As Behchokǫ̀ faces Covid-19 threat, vaccine rate worries chief

Chief Clifford Daniels of Behchokǫ̀ urged residents to follow newly introduced rules as the community, with low vaccine uptake, closed its schools to combat Covid-19.

The NWT’s chief public health officer shut down schools and ordered mask-wearing in Behchokǫ̀’s indoor public spaces over concern that some residents were exposed to Covid-19 in Yellowknife in the past week. Schools in Yellowknife, Ndilǫ and Dettah are already closed.

Daniels worries that the Tłı̨chǫ region has one of the lowest vaccine uptake rates in the territory.

“We’ve always been vigilant to make sure that Covid didn’t really come to our community,” Daniels said. “Covid is really hitting close to home right now.”

There are now 14 confirmed and six probable cases of Covid-19 related to an outbreak at NJ Macpherson School in Yellowknife. More than 30 new exposure notices were issued on Monday evening.

More than 1,000 people are considered close contacts to Covid-19 cases and are isolating, including some students and staff from Behchokǫ̀ who attended events in Yellowknife over the weekend.

All organized activities for Behchokǫ̀ residents aged under 18 are cancelled.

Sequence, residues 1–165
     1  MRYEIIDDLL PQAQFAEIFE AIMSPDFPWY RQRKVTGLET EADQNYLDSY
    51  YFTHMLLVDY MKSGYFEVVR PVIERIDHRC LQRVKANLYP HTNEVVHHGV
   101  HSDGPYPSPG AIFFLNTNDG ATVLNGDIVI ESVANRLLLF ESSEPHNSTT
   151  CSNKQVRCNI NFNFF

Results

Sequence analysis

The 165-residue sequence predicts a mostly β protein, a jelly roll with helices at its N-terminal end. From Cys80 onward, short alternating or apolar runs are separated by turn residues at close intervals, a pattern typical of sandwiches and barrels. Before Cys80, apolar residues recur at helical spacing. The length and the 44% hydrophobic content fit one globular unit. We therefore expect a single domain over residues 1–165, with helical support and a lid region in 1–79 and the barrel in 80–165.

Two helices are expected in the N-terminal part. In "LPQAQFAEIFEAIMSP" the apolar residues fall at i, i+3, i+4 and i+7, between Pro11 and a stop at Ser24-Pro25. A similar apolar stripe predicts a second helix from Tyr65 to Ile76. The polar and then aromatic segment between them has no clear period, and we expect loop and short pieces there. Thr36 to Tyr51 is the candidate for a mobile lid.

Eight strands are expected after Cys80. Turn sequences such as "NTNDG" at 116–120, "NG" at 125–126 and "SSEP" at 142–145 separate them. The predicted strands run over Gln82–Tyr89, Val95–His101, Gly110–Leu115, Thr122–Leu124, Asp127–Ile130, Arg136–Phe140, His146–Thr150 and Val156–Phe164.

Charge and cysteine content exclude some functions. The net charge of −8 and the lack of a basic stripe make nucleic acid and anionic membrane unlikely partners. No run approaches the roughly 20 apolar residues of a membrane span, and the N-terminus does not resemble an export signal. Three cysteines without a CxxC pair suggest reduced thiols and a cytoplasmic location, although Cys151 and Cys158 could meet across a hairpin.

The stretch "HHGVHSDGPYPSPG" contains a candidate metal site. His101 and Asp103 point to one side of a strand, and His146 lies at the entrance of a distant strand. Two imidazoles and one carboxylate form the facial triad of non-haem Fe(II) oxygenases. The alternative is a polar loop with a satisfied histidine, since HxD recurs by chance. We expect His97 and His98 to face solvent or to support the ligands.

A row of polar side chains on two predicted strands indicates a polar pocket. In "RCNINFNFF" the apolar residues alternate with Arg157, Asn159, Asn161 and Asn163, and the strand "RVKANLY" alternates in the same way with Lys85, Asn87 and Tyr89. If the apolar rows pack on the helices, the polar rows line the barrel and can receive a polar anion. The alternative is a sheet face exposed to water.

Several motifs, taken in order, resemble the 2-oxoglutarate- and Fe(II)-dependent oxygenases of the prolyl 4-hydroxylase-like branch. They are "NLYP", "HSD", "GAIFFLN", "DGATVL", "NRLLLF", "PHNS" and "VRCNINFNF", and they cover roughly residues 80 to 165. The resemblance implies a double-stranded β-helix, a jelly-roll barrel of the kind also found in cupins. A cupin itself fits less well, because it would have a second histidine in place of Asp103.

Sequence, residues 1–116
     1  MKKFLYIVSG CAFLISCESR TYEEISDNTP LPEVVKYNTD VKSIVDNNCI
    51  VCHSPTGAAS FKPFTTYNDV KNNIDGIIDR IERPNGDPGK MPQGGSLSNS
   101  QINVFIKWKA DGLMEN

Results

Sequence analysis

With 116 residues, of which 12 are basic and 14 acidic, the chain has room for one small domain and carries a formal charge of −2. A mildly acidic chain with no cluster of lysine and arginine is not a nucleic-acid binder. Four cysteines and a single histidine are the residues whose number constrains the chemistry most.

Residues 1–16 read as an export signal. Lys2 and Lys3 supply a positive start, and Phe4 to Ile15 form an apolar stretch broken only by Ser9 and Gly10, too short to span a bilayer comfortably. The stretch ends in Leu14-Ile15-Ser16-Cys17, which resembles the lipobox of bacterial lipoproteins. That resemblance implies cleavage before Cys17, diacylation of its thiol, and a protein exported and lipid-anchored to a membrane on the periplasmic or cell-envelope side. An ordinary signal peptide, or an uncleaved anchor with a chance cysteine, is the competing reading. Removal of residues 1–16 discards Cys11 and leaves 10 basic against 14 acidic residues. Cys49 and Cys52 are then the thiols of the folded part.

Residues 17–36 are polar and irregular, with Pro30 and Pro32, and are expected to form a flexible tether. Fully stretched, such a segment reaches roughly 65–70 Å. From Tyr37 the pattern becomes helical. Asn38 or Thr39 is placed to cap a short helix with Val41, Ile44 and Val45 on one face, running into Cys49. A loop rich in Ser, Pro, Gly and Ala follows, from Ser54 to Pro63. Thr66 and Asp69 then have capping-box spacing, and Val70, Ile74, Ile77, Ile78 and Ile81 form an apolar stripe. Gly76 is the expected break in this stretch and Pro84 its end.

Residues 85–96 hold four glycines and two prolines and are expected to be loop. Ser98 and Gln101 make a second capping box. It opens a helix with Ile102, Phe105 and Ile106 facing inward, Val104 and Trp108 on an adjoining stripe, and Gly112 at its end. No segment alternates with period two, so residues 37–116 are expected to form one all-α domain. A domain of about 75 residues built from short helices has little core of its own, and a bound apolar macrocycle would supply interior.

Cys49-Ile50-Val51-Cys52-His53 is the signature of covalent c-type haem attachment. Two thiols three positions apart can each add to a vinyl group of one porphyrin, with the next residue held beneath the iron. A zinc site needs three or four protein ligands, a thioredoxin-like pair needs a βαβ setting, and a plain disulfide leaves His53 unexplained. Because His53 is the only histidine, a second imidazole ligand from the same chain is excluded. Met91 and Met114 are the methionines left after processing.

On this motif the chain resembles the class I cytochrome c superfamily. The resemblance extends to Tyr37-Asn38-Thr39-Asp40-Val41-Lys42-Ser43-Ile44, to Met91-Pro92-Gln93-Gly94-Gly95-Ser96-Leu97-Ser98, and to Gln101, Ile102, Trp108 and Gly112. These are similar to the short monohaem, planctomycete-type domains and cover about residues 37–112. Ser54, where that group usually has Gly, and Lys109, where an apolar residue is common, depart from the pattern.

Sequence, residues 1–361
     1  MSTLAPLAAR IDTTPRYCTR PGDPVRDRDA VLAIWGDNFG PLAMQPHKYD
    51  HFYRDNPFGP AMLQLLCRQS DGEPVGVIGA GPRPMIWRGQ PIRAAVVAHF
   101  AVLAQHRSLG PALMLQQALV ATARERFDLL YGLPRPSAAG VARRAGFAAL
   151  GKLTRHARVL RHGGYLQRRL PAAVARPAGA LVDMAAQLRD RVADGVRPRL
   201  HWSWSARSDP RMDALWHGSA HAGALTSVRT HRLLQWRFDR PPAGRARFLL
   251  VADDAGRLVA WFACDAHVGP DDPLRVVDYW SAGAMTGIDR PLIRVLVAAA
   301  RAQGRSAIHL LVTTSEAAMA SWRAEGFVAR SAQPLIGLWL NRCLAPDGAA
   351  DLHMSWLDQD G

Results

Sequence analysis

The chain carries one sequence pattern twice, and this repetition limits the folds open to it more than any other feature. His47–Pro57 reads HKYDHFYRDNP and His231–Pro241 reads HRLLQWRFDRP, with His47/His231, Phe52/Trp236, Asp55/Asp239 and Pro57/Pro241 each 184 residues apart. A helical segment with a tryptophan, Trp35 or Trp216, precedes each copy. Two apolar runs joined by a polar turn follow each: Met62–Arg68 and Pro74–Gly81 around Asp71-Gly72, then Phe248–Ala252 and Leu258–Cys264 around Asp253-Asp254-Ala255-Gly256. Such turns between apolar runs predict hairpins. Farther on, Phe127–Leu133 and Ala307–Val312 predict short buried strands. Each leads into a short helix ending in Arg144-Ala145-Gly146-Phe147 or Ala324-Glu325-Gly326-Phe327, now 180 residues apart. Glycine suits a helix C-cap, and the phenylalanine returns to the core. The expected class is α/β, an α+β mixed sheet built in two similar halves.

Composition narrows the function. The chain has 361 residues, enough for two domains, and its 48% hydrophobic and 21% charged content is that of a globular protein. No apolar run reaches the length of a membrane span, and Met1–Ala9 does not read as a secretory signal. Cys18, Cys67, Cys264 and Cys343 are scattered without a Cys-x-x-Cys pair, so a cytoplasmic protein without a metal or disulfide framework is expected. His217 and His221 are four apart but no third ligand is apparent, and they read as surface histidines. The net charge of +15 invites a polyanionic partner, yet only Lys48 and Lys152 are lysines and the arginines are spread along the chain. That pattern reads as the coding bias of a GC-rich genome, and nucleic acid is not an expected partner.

Daniels told Cabin Radio he supported the new measures and had heard from many concerned residents.

“I think there’s some relief from the families and parents,” he said, “now that the schools will be closed.” 

Low vaccine rates, traffic from YK
As of April 21, 53 percent of eligible Tłı̨chǫ residents were unvaccinated. Thirty-seven percent were fully vaccinated and 47 percent were partially vaccinated. Those statistics are next due to be updated by the NWT government on Wednesday.
 
Daniels said he encouraged all eligible residents, especially those under the age of 30, to get the vaccine.
 
“That’s about the best protection you can provide for yourself and those you love around you in the community,” he said.  
 
More than 800 Tłı̨chǫ residents live in Yellowknife, Daniels said, so a lot of families ordinarily travel between the communities. A soccer tournament at the weekend attracted many Behchokǫ̀ participants, and even the Monday opening of a new KFC franchise had Daniels concerned.
 
“I know today we had a big KFC opening in Yellowknife and I know lots of my people went over there,” Daniels said by phone on Monday evening.
 
“We’re right next to Yellowknife so we figured the impact might be more,” he said. “We’re just being cautious. Hopefully there’s lots of caution shown and we really abide by the measures in place.”
 
Daniels expects recreation facilities in the community to be closed to the public. A booth may be set up near the entrance to Behchokǫ̀ to “share information and to do some monitoring,” he said.
 
A special meeting of the community’s council on Wednesday will examine Covid-19 measures such as isolation, checkpoints, and the potential introduction of wastewater testing in Behchokǫ̀.
 
A handful of NWT communities use sewage sampling as an early-warning system to spot undetected Covid-19 cases by analyzing sewage for the coronavirus responsible. That approach is credited with identifying a separate cluster of Covid-19 cases in Yellowknife last month.

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